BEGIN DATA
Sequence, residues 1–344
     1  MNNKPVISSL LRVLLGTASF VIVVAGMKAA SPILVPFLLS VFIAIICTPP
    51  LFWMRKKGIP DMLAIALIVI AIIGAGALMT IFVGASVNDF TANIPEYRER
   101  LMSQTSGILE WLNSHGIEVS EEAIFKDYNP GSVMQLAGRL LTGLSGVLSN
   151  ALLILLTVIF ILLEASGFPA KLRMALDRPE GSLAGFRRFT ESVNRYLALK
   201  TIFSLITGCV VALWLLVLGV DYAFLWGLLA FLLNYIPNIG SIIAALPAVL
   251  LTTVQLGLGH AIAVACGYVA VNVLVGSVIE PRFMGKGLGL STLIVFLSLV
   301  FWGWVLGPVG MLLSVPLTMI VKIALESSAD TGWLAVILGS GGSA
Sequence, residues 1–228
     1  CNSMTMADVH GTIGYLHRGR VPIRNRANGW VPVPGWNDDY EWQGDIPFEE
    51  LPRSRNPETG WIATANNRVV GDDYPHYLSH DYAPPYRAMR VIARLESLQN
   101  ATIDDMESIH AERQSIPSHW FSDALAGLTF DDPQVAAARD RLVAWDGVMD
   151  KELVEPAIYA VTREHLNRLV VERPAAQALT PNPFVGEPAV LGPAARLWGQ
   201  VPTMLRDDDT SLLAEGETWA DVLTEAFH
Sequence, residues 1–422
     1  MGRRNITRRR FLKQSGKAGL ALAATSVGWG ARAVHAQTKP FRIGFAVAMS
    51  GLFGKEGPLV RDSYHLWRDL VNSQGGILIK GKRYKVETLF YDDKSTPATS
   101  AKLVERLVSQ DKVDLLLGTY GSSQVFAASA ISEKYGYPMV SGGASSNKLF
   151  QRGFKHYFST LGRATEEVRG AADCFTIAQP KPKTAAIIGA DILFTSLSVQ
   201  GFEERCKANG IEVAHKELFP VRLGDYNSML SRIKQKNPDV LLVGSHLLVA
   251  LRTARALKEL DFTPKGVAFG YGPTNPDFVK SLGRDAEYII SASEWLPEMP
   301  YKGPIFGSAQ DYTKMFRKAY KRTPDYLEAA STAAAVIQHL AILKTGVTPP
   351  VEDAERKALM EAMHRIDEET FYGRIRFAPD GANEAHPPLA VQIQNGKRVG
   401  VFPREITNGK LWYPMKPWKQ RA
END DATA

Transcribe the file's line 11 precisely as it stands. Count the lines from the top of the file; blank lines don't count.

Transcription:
    51  LPRSRNPETG WIATANNRVV GDDYPHYLSH DYAPPYRAMR VIARLESLQN